Security Problems

Homegrown legacy applications will need an agile solution that can bridge the gap between an older code base, human users, and modern zero-trust architectures. The best solution is a zero-trust access platform, such as Cyolo, than can overlay MFA and SSO capabilities without compromising the user access experience or disrupting operations.

5 Recommendations to Ensure Legacy Apps are Secure

1. Know Your Legacy

Start with a thorough accounting of all systems and applications to identify which applications will cause your proposed infrastructure security issues. Extend this audit to include suppliers’ legacy applications to prevent them from disrupting your digital transformation program. This audit will lead to the next major security exercise.

2. Create a Security Improvement Plan (SIP)

According to a Ponemon report, 82% of organizations have experienced at least one data breach during digital transformation. A security improvement plan (SIP) is a series of guidelines that develop procedures to reduce risk and maintain regulatory compliance and should have specific actions for challenging applications. Digitizing operational processes within a hybrid (cloud and on-prem) environment makes the smooth transition a security challenge. By referring to the SIP an organization can minimize the risk associated with digital transformation projects that include legacy applications.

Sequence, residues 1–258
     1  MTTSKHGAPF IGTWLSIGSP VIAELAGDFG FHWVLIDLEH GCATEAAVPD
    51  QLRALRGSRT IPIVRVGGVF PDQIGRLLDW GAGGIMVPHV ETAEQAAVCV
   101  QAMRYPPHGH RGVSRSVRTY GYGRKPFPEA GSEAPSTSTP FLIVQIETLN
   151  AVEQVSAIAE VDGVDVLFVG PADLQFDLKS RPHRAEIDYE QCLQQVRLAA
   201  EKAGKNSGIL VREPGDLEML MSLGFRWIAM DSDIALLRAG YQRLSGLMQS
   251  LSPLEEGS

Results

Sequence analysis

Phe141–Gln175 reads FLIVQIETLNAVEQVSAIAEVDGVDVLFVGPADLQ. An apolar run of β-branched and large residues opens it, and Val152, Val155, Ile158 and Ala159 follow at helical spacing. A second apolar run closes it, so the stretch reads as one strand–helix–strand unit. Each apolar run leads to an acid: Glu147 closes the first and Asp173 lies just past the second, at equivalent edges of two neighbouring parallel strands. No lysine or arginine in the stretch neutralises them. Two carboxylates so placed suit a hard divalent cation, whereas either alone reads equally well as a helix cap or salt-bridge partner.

3. Move to a Zero-Trust Model

A zero-trust model that incorporates your legacy applications is the best practice for modern identity authentication. Your digital transformation initiative will likely involve a hybrid environment. To ensure that data and resources remain secure, you must prioritize access control by implementing MFA and standardization of password quality across your organization, including external consultants, freelancers, and other third-party users.

4. Maintain Compliance

The need to comply with regulatory or insurance requirements is a common driver of the shift to a zero-trust framework. As you transform the security model, ensure that your regulatory obligations continue and compliance is maintained. While many systems will easily fit the model, some will not. Carry out risk assessments and Privacy Impact Assessments that include legacy application access. Zero-trust access solutions that overlay modern authentication and authorization protocols will ensure that security and privacy compliance are maintained.

5. Implement an Identity-Centric Zero-Trust Platform